Whoever: Why the hell do people love assholes so much?
Me: Generally speaking, it’s because they have the ‘The Penis of Truth’.

Regardless of what game developers say, they develop with men and young boys in mind, not females, so a female gamer tends to have the stereotype of being unattractive and ghastly, which means men won't listen to them either way. Well --- actually, I'm wrong, it's usually true for the women who are outspoken; those who are more or less your 'casual' or average gamer tend to assume what's going to transpire if they speak out. It’s steadily changing but you still get a lot of nasty comments or opinions thrown at you, and then you also have online components where guys are afraid to kick a female out or give her constructive criticism (these are things you find in everyday life too).
- Mandy, 1UP Blogger

Phallic honesty is a tad facile but I’ll leave that there for right now and transition towards what’s seen in relationships, as well as variations in sexuality. Gamers tend to almost righteously regurgitate the instance of a game’s mechanics adapting to more sedentary actions (e.g. talking). The logic there brings into us back to that idiotic fun argument, which I’m not really interested in entertaining right now; I’ll just state say that the common dolt who argues ‘games should be fun’ and nothing else is quickly becoming a self-affirming dinosaur. When the paths for actual relationships between people are more widely embraced by gamers, titles will be that much better for it (not to mention that the methods themselves will get a chance to evolve and open up as technology continues to expand). When we reach the arena of same-sex and androgynously toned titles, there isn’t so much of a dingy cultural lens, but a latent and abusively restrained potential. I’d assume this is because such citizens are still being treated as third-class citizens by modern society. In terms of games however, which use so much artistic fuel, I’d say they have a back door in design here. A basic example for that is the potential awareness that’s generated when a female is ‘made masculine’ or vice versa (hell, look at what happened with Jack).

“Ah, but to completely remove personal affectation and rely on the basis of pure logic, a fallacy since we don't have pure logic, is an argument men have been making for years. This has also stunted men, particularly from expressing themselves and communicating. There is a middle ground to be struck.”
-D. Farr, Author of Vorpal Bunny Ranch

As long as those kinds of people are buying as many games as they are, as frequently as they are, then things won't change. More women are getting into the industry and more women are playing games, but we're still not seeing much of a female perspective in them. This is not to say that games aimed at women should involve ponies and games aimed at men should involve threesomes and bloody violence, but the feminine perspective (strong female leads, the use of love in a story, good writing) just aren't being accepted by gamers right now. And even if a game like that does hit, the ‘hardcore’ base of the industry will just call it ‘gay’ and move back to their ‘mature’ games (which aren't actually mature in any sense of the word).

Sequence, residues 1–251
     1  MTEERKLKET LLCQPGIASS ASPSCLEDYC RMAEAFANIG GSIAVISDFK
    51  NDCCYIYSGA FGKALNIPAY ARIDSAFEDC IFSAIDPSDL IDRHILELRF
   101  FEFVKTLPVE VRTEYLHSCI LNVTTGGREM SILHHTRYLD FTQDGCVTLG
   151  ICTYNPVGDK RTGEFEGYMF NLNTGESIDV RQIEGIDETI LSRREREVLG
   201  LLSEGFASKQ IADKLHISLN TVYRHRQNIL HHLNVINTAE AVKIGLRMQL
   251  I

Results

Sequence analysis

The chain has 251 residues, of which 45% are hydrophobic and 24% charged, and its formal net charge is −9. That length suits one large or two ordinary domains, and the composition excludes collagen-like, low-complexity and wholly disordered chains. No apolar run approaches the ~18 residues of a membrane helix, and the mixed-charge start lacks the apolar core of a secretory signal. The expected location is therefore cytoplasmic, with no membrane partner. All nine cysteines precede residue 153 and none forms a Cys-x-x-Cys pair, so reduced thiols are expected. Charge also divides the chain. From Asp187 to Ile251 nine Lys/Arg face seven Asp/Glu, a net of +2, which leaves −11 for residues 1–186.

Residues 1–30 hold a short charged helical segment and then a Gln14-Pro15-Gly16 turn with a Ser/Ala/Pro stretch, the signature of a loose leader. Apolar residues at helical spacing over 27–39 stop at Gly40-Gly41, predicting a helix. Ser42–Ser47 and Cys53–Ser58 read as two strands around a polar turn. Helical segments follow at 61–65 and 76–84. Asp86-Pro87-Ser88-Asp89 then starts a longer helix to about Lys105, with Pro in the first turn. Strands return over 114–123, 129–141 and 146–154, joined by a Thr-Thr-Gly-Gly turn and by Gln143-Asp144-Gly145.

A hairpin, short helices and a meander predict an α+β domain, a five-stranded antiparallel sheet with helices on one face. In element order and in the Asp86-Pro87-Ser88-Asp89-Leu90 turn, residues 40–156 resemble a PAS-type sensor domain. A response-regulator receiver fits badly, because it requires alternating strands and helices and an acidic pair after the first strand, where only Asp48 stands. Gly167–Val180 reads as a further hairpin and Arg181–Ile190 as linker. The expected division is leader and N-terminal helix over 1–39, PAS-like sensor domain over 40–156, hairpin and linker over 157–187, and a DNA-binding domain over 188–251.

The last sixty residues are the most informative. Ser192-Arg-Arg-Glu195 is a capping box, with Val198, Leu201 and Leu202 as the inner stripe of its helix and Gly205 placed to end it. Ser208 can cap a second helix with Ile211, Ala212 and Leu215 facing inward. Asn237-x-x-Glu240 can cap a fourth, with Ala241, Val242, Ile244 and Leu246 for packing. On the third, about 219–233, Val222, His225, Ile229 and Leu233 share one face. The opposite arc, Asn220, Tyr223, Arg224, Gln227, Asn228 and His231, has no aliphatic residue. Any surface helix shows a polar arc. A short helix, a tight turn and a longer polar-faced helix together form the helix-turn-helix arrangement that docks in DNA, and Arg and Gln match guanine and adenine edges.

-C. Winn, 1UP Blogger

In the 80's 99.99% of game players were men sitting on their asses playing on a computer, or going into cigarette smoke-filled arcade to play some Pac-Man. Then the NES budged things a little bit but I would still say that 90% of gamers were still men. It is not until we get into this generation of gaming that I think shit truly opens up. Nintendo caters to all whims now and those men who fell in love with games during 80's became game designers. Imagine the people who are falling in love with games now. I have no doubt that a large percentage of them are female.
- TaureanWilliams, 1UP Blogger

And another thing, I agree with --- a lot of women aren't helping the situation. I certainly haven't done a survey or know numbers, but in my experience, I run into more girls that feed into the bullshit than girls that go against it.
-J. Williams, 1UP Blogger

As everyone else highlighted, I think for the industry to mature, its audience has to first.
-Nel, 1UP Blogger

I was reading through the comments here and saw a few things that got me thinking. All of the female friends I had back in the 80's were also gamers. As we neared our 20's, all of them dropped out of gaming except me. I think a big disconnect was the lack of story/social content in most games as the 80's came to a close. I was asked often what I got out of playing games because they were viewing them as 'pointless'.
-Tristessa, 1UP Blogger

When none of your friends are gamers and you don't have a console, it takes a lot of effort to stay interested in gaming. However, I was one of those weirdos who constantly bought magazines just to ogle screenshots, hung out with guys for the chance to game, and kept right on with the PC. Lots of women just aren't as invested in it. It doesn't help that most guys don't take you seriously, and when you're playing online, you either have nerds hitting on you or going, "lolz, it's a girl." So yeah, lots of obstacles there. In the end, you have to be ready to be seen as "awesome, but crazy" on the guy side, and just plain crazy on the female side. There's not much of a middle group. I suppose I'm just crazy.
-K. Bailey, 1UP Editor

In a lot of ways, this has absolutely nothing to do with games and absolutely everything to do with them at the same time. I eliminated what the prior edition of this post featured, an actual list of female game characters I enjoyed for myself. The point of this post was to regress past the line where the actual discussion of their appearance in games appears as something we’re simply not ready for yet. Numerous artists, programmers, and designers keep falling prey to such basic things, but the onus is on the audience for pushing them down in the first place --- the gamers.